While the rain teemed down I pored over the crossword in Rupert’s Sunday Rag, which had been handed out as a freebie at the gates to every man, woman and child on the way in. It seemed that the setter had enjoyed the last three day’s dominance by the Aussies, and the successes of the Queenslanders within the ranks, as the cricket-inspired clues were abundant.

Following the rain and the extended lunch break the sun broke through. Even up in the stands you could feel the steam being exhaled out of the turf below. The Australian quicks come out bowling largely the same tosh as the first session and it’s difficult to understand if it’s strategy or poor control that has resulted in so much short, wide stuff. This isn’t a typical Gabba pitch and I get the impression that deliveries on a full-length would be preferable, especially in a circumstance where the En Zeds have no reason to play anything not threatening to hit the stumps.

Nathan Lyon provides a key breakthrough when he catches Guptill’s edge and, in truth, has looked the bowler most likely today. Mitch Marsh pushes a few past the outside edges, Johnson steams in and Starc fires them down but for the majority it is Lyon, capable of extracting some spin from the pitch, who appears the most threatening.

On reflection, the highlight of the day was watching Kane Williamson. Much has been written about this young man recently but he does look a class above his compatriots and he absolutely had his way with the Australian bowlers until a contentious LBW decision off Lyon sees him depart for the sheds.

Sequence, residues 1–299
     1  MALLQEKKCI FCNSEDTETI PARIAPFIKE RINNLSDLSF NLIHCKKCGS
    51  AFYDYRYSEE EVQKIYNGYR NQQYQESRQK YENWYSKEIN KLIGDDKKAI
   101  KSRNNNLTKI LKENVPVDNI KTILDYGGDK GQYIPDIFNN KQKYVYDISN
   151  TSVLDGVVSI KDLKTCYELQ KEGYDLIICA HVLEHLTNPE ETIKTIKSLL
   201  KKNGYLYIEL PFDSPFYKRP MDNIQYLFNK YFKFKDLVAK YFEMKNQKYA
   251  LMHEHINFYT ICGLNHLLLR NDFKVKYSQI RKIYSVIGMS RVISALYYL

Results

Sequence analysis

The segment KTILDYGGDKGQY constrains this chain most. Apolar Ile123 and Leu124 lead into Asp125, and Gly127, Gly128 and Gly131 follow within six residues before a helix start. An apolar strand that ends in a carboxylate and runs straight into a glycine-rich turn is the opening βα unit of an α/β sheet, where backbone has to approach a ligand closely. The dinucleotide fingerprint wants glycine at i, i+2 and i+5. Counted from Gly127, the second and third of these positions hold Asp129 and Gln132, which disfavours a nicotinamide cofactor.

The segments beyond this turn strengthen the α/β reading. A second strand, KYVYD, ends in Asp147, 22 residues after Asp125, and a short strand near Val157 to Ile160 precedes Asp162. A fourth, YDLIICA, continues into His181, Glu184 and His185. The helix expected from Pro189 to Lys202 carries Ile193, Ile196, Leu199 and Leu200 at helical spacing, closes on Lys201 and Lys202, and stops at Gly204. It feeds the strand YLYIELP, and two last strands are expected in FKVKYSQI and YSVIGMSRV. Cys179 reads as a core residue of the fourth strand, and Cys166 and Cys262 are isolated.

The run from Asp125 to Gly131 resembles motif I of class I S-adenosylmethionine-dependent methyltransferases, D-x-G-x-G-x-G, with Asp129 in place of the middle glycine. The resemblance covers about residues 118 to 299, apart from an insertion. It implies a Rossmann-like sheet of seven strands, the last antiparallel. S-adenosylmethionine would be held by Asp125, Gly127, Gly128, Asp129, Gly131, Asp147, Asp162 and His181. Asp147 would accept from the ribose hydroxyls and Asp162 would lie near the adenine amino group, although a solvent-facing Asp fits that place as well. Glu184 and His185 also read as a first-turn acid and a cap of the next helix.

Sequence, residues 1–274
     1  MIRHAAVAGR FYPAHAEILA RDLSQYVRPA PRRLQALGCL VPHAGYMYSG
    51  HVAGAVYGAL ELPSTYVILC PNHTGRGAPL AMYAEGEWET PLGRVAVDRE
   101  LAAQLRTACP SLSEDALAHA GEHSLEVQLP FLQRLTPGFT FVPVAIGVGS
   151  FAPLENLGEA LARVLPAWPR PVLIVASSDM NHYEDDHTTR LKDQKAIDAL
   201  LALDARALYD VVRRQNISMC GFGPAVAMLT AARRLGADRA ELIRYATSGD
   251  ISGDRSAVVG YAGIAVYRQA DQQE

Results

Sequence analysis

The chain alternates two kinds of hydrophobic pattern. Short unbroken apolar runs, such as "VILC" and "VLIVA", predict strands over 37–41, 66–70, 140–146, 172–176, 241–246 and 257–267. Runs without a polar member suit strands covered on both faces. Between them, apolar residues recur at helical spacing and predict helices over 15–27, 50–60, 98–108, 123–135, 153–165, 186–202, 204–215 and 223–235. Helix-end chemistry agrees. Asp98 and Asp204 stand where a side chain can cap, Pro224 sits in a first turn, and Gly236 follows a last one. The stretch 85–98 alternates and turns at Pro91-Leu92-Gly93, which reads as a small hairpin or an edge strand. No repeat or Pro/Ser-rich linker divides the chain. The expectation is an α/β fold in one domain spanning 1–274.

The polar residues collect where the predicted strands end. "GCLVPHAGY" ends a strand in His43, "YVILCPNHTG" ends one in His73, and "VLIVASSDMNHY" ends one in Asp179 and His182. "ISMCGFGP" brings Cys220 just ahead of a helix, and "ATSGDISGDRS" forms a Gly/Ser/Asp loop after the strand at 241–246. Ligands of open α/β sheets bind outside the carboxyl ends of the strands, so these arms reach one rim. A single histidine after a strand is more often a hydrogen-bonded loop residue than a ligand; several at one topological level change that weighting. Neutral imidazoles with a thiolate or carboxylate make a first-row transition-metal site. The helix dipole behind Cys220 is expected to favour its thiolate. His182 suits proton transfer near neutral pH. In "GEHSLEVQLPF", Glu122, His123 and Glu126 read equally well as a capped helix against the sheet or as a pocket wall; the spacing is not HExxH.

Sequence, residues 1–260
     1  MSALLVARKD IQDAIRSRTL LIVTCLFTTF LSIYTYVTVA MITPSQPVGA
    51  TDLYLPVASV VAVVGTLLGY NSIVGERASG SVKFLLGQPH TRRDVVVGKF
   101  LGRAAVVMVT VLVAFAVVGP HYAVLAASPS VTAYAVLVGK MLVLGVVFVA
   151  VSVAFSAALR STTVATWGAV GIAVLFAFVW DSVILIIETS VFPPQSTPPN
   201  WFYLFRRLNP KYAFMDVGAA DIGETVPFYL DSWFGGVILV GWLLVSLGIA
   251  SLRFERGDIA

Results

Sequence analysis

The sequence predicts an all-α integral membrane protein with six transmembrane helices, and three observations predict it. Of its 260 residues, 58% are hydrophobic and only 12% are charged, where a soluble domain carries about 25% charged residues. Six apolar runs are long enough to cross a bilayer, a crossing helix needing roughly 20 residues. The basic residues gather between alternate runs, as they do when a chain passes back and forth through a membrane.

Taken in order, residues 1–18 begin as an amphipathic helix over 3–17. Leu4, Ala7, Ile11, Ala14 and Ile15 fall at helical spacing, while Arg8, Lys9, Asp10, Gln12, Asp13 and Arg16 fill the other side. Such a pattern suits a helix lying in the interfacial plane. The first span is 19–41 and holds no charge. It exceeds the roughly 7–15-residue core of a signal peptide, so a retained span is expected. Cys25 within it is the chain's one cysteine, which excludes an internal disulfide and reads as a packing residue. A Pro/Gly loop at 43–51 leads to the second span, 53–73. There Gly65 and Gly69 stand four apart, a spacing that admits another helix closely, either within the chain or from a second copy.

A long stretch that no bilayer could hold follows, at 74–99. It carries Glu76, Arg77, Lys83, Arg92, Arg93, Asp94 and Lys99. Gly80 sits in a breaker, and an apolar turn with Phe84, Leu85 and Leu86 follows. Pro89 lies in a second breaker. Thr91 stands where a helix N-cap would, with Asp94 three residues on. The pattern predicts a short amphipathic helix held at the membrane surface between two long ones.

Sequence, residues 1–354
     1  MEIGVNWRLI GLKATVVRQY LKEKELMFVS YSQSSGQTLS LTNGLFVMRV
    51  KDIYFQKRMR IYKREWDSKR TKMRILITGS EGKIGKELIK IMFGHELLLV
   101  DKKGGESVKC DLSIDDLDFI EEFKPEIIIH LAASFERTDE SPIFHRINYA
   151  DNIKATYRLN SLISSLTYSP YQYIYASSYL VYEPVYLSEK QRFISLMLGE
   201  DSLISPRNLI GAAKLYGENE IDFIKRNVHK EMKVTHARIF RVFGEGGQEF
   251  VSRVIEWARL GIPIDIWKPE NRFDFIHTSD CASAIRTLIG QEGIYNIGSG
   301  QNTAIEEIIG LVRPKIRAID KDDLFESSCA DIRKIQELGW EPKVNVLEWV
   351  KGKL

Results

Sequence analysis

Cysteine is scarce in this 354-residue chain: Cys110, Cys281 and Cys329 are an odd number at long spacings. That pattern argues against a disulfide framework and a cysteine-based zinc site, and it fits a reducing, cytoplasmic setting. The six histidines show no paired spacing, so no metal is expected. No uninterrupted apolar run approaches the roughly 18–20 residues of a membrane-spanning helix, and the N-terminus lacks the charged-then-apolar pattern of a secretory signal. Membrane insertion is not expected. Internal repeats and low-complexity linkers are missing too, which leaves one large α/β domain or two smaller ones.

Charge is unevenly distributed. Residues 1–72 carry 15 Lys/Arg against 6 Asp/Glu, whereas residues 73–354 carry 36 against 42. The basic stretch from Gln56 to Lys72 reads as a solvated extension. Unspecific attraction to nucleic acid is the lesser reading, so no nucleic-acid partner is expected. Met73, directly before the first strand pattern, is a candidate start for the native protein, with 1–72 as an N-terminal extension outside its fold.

After a little more of Ross Taylor attempting to slog his way back into form, the players head to the sheds for tea. They reappear for an instant only to return to the dressing rooms without a ball bowled in anger when the skies open up once more. I take this as my cue to leave the ground, with rain falling, dark clouds as far as I can see and bad light sure to present challenges of its own.

On my way home I keep an ear out on the radio to see if play will return but the notorious darkness of Queensland franks my earlier decision to leave. When I get back to the apartment my Kiwi visitors, like their cricketing counterparts, appear far more alive than they did at 10am today. And as they say: where there are signs of life, there are signs of hope.

While my gut tells me that the Aussies have done enough, tomorrow will be an interesting day.

New Zealand finished 3/ 142 at stumps chasing 503.


  1. Malcolm Ashwood says

    Thanks Brin ( are you related to Bob Paulsen former Qld leggie ? ) I entirely agree with you short leg is a specialist possession it is a bewildering and bizarre cricket tradition to make a new player field there.
    Greg Blewett as fielding coach ( and a bloody good short leg fielder himself) has his work cut out with
    Burns and Kwarja both not natural fielders and to a slightly less extent,Voges.A poor decision re Williamson should have been benefit of the doubt.we wait and see how much fight the kiwis will show on the last day

Leave a Comment